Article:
Amnesty Calls For E.Timor To Punish War Criminals

June 29 (AFP) — People who committed war crimes in East Timor during Indonesia’s 1975-1999 occupation are going unpunished because of a loophole in the country’s penal code, Amnesty International said Tuesday.

East Timorese President Jose Ramos-Horta has rejected pressure from the United Nations and rights groups such as London-based Amnesty to prosecute war crimes suspects, saying such trials are not in the country’s interests.

But Amnesty again called on Dili to stop giving amnesties to war criminals and agree to the establishment of an international tribunal to provide justice to the victims.

“Survivors of decades of human rights violations in Timor-Leste are demanding justice and reparations, but the authorities’ routine use of amnesties, pardons and similar measures has created a culture of impunity,” Amnesty researcher Isabelle Arradon said in a statement.

Arradon helped research an Amnesty report released Tuesday about the culture of impunity in East Timor, or Timor-Leste as it is formally known, entitled “Timor-Leste: Justice in the Shadow”.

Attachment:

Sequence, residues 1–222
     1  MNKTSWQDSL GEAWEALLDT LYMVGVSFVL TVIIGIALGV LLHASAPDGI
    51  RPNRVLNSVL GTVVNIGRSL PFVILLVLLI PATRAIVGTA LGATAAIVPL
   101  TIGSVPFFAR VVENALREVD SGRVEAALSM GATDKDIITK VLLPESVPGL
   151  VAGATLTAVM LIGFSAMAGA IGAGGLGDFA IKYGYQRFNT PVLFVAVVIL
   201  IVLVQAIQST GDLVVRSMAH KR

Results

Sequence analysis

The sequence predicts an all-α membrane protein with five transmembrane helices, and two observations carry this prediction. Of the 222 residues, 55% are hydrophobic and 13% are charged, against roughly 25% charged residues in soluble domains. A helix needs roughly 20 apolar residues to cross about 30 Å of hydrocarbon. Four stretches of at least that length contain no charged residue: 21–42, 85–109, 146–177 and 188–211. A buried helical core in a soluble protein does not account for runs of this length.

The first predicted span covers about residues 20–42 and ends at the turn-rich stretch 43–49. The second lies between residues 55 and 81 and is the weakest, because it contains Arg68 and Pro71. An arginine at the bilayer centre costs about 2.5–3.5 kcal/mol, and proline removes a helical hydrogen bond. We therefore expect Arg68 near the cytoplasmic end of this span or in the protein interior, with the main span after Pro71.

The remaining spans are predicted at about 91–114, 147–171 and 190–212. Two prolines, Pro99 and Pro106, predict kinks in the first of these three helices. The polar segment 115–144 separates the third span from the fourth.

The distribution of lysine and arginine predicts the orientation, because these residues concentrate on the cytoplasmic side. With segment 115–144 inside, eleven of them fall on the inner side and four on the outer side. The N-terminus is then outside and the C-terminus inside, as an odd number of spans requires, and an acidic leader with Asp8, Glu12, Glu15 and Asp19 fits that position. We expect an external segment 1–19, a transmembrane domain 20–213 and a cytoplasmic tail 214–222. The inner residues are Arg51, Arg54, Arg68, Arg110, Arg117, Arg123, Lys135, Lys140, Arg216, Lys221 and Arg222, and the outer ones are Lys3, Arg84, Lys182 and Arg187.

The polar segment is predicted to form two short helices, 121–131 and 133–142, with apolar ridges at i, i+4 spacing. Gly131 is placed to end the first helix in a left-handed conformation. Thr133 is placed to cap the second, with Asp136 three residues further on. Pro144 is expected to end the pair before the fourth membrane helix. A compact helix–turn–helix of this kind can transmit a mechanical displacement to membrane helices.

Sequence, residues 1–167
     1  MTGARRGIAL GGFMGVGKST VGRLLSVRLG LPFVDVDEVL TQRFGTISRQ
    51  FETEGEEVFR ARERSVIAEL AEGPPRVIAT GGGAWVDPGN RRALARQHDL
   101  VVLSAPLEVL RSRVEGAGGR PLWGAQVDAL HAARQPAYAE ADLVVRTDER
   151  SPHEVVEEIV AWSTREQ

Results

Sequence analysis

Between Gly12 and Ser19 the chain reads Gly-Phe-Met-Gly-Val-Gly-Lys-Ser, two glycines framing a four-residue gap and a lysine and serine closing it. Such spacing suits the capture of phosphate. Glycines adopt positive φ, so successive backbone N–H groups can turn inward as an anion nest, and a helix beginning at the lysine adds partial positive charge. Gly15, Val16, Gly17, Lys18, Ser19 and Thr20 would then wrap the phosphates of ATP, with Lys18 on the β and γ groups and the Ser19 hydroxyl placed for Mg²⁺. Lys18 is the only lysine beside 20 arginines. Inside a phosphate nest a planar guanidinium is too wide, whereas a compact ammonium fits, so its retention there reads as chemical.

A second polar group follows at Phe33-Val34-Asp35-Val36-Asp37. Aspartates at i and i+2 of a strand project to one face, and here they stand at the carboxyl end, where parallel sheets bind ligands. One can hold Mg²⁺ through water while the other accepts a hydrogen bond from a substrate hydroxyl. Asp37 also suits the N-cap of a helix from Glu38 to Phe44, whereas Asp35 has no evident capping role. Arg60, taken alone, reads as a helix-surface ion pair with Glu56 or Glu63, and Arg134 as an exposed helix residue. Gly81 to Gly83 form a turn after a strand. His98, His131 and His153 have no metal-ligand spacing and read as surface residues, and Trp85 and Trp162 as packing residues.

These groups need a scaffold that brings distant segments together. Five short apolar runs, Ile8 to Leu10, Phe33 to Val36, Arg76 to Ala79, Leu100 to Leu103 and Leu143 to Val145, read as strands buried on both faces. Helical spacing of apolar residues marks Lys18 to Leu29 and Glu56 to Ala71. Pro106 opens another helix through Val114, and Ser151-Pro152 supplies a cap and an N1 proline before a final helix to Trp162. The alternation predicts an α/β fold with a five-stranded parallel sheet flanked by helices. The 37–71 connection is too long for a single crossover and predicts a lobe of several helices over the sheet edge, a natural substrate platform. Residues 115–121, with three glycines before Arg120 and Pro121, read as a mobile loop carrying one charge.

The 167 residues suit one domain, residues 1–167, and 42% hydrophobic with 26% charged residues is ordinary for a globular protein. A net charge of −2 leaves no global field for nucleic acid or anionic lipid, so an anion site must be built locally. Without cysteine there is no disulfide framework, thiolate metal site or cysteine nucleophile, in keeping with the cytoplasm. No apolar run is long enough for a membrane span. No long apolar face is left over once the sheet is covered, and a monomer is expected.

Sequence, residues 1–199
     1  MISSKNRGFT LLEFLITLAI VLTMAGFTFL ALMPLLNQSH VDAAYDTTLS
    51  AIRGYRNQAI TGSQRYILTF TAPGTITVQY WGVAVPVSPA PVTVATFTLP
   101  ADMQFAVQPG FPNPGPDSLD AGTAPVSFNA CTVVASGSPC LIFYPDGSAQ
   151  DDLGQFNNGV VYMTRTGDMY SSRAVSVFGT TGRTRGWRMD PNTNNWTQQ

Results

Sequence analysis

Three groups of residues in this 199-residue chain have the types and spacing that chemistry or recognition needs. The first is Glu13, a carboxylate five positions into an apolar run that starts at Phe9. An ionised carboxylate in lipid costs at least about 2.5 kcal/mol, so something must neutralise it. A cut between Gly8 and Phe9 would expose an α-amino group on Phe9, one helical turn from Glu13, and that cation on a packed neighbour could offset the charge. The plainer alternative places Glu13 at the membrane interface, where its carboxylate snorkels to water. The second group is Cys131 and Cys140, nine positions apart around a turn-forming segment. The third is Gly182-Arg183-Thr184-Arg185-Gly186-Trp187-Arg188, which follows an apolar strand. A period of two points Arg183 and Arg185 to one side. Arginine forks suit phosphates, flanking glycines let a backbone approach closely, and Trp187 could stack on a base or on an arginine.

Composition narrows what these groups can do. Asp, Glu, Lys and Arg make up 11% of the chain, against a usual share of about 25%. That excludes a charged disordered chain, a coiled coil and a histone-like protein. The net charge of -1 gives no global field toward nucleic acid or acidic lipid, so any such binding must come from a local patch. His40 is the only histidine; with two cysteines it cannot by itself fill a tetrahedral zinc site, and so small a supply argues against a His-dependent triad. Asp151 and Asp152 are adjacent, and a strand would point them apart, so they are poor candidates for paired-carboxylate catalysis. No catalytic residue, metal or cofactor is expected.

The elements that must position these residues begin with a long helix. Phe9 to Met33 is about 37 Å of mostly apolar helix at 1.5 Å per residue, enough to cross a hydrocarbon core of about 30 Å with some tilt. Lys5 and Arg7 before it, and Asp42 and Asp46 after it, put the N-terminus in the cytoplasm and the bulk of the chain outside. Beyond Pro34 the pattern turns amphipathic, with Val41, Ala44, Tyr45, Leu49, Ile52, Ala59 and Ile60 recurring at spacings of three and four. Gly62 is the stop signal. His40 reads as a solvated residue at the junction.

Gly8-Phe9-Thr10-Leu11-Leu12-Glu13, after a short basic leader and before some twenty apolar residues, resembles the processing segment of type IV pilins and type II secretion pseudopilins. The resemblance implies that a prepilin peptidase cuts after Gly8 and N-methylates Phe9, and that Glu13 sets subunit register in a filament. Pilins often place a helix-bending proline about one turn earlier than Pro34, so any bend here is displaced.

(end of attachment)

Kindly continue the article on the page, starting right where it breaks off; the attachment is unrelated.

“The authorities in Timor-Leste are compromising on justice to seek peace — but trading away justice for such serious crimes only undermines the rule of law, and cannot resolve the trauma of the past,” Arradon said.

Amnesty says the legal loophole is the absence of a ban on amnesties, while the penal code also lacks provisions on co-operation with the International Criminal Court.

Indonesia ended its brutal 34-year military occupation of East Timor in 1999 after granting the former Portuguese colony a referendum on independence which resulted in an overwhelming vote to split from Jakarta.

More than 100,000 East Timorese were killed or starved to death during the occupation, and the weeks surrounding the referendum were marred by crimes against humanity committed by Indonesian forces and their militia proxies.

East Timor and Indonesia formed a truth and reconciliation commission which lay the blame for such crimes squarely at the feet of the Indonesian military, but few of the perpetrators have faced justice.

Ramos-Horta says justice must be weighed against the fledgling democracy’s economic and political destiny as the tiny eastern neighbour of Indonesia, the world’s fourth most populous country.

The president pardoned and freed militia leader Joni Marques in 2008 after his 33-year sentence for crimes against humanity was substantially reduced.

And last year Dili sent another militia leader, Maternus Bere, to Indonesia before he faced trial over alleged massacres of civilians in 1999.

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